A Dharma Talk at the Pine Street Sangha by Nelly Kaufer
The topic of anatta is a difficult topic to talk about without creating misconceptions or reducing meaning. The common translation of anatta as “no self” is misleading. Although a mouthful, let’s consider anatta as “no enduring, unchanging self.” Our sense of self, who we are, is fluid. It changes over time and in different situations.
I’m going to tie this talk on anatta to my Vipassana practice, which is also a complex topic, too easily reduced in meaning. I give this talk with much respect for the Vipassana teachings and teachers because as I go through deeper learning and unlearning, the more respect I have for my early learning.
During a course in graduate school in the 1980’s, I was leading a guided meditation on the body, scanning the body – which is one of the common practices I was taught. I went through the body – be aware of the foot, the thigh, the knee – and so on. Afterwards, my teacher said to me, “Why did you say ‘the’ foot instead of ‘your’ or ‘my’ foot?”
When she questioned me I responded, “Uh, I don’t know.” I didn’t have a clue because I was just mimicking the instructions I was given. I had never really thought about why I was given the instructions this way or why I was repeating them this way. Then she said, in psychotherapeutic language, “Oh, is that dis-identification?” And I said “Yes, that’s what it is!” But as I’ve thought about it more, it almost feels like a trick. If I don’t call it “my foot then I won’t be so identified with it. I will somehow know more about anatta by changing a pronoun.
Back then, I was really terrified when I heard about anatta. I was young and I didn’t know what it meant, but when translated as “no self” it seemed to mean there was no ground under me. I was going to go into free-fall and somehow that was supposed to be good. I was really scared. Part of what I did with that terror was I clung to the instructions. I did not want to free fall so I clung onto the object of meditation, whatever it was at the moment.
At that developmental age, I needed to develop my sense of self. I was onto something when I was afraid; there was something that I needed to develop, not dissolve. About that time, there was an article saying you had to be somebody before you could be nobody. Then there was a rebuttal to that article and a rebuttal to the rebuttal! I was not alone; people were wrestling with this concept.
At that time, I did a lot of retreats – and still do. One thing that happens on retreat is that the conditions change. You’re on a different schedule, you meditate more often, you eat different food, sleep in a different bed. You’re in different roles. In some Vipassana retreats it can get more severe; you are asked to not do things you usually do like read or write. As conditions shift on retreat, you can catch a glimpse of the fluidity of our sense of self.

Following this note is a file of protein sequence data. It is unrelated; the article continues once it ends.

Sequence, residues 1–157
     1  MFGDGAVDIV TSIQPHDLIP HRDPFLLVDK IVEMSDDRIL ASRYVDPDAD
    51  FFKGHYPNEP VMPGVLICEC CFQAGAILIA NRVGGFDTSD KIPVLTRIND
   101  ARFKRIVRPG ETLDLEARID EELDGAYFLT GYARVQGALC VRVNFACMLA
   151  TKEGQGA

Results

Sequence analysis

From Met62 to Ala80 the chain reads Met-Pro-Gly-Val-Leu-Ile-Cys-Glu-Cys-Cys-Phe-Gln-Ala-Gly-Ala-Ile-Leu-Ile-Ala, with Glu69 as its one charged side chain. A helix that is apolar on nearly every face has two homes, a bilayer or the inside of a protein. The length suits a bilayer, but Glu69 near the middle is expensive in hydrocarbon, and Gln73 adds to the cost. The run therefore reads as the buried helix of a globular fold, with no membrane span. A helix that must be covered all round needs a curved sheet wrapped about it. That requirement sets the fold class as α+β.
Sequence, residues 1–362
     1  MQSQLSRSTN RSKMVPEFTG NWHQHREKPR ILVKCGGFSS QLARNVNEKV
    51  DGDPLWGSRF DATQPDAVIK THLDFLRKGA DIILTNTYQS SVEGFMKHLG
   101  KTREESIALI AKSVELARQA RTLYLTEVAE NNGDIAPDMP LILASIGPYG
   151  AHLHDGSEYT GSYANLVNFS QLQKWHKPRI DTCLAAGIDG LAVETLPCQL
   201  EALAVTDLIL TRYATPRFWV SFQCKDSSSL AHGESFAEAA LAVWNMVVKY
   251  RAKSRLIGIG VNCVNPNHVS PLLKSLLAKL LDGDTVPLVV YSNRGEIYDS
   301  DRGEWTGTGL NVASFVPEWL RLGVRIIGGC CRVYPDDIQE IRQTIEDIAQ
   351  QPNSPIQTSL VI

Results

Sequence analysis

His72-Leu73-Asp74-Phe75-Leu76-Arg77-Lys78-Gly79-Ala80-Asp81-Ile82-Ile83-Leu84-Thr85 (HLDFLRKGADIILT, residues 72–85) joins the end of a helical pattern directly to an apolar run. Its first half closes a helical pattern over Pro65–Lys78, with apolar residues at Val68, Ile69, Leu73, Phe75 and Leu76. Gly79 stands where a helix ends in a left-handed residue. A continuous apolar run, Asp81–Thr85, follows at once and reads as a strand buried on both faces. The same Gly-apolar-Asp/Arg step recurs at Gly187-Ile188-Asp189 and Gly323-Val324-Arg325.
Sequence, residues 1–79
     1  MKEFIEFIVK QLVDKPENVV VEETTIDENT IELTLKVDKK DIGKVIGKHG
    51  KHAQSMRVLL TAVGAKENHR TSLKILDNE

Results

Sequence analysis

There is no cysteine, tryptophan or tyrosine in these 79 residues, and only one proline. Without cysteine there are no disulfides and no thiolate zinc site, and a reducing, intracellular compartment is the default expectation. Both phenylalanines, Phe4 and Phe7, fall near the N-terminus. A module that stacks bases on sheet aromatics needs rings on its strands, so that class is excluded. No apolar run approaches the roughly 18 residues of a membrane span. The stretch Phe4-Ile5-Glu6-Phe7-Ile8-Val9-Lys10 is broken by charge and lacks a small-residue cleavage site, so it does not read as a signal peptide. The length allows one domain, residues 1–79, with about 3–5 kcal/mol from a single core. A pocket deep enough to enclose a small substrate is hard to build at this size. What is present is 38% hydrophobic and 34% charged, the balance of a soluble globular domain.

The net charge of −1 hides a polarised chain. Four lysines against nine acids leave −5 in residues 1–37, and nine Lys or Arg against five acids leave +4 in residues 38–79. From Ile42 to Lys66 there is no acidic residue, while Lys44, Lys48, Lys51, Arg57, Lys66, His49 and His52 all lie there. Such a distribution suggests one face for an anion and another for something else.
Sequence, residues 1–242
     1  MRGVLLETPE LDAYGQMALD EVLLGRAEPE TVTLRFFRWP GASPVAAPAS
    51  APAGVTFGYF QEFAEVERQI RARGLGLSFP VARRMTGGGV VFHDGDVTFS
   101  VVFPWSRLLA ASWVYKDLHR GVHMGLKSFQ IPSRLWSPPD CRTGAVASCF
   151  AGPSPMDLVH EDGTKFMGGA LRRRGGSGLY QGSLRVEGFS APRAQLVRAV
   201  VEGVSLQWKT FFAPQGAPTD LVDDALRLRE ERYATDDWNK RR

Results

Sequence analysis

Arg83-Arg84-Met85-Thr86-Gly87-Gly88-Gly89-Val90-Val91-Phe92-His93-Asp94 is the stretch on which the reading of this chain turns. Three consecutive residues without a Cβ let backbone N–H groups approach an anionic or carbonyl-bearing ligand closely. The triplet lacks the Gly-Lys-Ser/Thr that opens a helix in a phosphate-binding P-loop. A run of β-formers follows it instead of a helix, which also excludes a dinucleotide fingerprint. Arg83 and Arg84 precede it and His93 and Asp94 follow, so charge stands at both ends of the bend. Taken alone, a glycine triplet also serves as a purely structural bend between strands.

Anatta is a Pali word. It really doesn’t mean no-self in the way in which I was afraid. A better translation is that there is no unchanging essence or soul. Our sense of self isn’t stable, isn’t always the same. It’s not in free-fall, but it is shifting and changing under different conditions.
On the other hand, sometimes people feel like nothing is changing. It’s always the same. When this is your perception, watch for more subtle changes. Especially, notice if how you regard the experience changes. Maybe you become a bit more accepting or tolerant. Or maybe you pick up something a little different or new that allows you to think differently about this experience. But you will have to stay with it and see if my prediction turns out to be true.
So, back to this misconception that no-self is about there being no ground, that things are completely groundless. What I know to be true is that we exist on shifting sands. Things are moving and we have to deal with that and still stand on our feet. We become able to stand on those shifting sands, not feel destroyed or annihilated by them, but be able to stand and respond, take some actions when needed.
Rather than realizing a terrifying no-self, what we’re doing is developing a more flexible sense of self. We need a sense of self to maneuver in the world. As that sense of self becomes more flexible, we become better able to respond to the shifting sands and conditions of our lives, of our existence. This kind of progress, or development, comes from a deeper understanding of anatta. Hopefully, this more flexible sense of self has certain qualities about it – a little kinder, a little wiser.